For latching the U.K. defense secretary with a second job of Scottish secretary.
Dual-hatting a defense secretary at any time seems a strange decision. But for the U.K. to split this mission while its armed forces are fighting in Afghanistan and Iraq is absurd. It’s the equivalent of bolting on a state governership to Robert Gates’ job and insisting he can fully focus on the war while simultaneously tending to local politics. In Scotland’s case, the local issues are weighty; the Scotland Act of 1998 gave the country its own legislative authority, separate from England, and there is a growing popular movement calling for full independence.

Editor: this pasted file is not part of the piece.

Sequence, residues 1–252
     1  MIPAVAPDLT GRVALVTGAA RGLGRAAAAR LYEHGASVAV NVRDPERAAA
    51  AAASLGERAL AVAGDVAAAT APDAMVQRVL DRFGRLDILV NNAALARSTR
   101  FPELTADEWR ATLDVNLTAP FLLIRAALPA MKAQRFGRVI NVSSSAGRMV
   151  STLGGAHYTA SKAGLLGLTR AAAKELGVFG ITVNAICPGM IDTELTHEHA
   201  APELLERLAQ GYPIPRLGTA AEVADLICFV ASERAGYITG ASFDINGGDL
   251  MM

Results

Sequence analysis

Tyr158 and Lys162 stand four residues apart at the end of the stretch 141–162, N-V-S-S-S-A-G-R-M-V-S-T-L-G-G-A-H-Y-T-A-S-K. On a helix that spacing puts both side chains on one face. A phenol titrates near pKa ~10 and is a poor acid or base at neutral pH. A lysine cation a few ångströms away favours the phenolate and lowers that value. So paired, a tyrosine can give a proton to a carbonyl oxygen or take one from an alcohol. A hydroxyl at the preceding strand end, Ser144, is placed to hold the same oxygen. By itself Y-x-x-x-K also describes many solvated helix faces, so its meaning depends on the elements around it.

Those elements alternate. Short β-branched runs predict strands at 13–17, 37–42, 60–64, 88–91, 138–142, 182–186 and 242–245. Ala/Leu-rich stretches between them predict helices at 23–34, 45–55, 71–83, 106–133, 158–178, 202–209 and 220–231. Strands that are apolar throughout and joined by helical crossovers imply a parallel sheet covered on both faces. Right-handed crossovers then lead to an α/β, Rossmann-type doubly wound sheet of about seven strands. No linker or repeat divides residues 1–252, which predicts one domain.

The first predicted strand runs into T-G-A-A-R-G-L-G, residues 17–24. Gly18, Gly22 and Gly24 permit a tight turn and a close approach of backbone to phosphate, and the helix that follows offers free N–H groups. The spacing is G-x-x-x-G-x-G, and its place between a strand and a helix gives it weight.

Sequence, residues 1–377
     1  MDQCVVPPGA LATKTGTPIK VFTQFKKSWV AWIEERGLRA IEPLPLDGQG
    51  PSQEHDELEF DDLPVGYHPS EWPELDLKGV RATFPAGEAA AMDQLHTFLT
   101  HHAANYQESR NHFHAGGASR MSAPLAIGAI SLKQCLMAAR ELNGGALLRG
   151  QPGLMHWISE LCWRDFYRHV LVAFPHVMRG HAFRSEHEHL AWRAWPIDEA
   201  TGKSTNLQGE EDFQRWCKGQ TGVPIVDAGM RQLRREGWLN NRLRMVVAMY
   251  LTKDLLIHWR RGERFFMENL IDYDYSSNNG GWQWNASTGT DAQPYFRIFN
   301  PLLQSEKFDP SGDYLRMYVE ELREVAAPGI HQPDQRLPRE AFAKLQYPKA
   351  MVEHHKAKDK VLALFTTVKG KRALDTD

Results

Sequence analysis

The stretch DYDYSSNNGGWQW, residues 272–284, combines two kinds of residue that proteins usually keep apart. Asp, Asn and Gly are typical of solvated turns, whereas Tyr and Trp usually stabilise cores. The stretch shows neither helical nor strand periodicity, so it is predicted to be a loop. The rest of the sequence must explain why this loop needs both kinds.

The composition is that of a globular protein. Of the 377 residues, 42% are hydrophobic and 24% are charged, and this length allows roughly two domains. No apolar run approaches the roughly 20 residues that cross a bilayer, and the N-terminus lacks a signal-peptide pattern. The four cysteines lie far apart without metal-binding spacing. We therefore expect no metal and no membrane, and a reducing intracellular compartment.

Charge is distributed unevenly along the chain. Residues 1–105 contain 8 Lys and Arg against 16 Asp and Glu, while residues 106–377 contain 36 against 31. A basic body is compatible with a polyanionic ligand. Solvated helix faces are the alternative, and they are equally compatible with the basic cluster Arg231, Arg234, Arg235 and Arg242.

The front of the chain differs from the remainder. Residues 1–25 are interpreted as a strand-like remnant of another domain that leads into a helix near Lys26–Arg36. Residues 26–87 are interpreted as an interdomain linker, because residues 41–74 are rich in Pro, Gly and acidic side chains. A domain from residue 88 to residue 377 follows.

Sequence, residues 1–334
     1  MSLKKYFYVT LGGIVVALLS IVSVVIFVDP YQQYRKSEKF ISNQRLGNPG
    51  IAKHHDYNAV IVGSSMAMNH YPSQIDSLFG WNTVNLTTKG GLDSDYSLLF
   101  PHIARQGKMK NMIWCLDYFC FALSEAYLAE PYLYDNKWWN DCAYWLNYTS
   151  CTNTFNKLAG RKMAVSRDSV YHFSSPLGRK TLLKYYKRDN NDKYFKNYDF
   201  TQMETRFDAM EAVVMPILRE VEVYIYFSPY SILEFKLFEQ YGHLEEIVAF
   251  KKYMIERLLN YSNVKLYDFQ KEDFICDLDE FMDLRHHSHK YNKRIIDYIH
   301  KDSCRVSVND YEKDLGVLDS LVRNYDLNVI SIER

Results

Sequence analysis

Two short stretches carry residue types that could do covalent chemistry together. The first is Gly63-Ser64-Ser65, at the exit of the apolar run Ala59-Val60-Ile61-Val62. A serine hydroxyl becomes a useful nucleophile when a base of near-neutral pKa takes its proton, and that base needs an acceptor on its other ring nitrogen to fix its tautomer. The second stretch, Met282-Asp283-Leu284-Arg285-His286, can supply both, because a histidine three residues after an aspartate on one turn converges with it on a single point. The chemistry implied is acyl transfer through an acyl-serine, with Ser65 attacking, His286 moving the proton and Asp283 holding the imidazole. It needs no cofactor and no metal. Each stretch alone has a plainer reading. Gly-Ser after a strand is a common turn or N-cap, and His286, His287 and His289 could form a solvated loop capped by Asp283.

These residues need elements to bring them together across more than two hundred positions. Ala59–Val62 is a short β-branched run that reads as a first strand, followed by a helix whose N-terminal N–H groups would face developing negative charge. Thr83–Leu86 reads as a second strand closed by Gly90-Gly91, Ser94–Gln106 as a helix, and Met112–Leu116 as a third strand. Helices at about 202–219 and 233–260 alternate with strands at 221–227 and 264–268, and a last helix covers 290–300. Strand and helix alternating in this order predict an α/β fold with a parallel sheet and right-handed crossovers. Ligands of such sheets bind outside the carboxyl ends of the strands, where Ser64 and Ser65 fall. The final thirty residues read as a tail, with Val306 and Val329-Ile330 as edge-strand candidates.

Given that background, it’s difficult to know whether making Des Browne both war minister and Scottish minister should be interpreted as a trivialization of the defense role or a missive to Scotland to toe the line, or else.
Making the defense secretary a part-time job is an insult to those serving in the British forces who deserve nothing less than full-time attention by their civilian leader at a time when their resources are severely strained. This sends entirely the wrong message to the allied forces in Afghanistan and Iraq, to whom the new prime minister has pledged continued full support. Here’s a case of where, for all the wrong reasons, actions ring louder than words.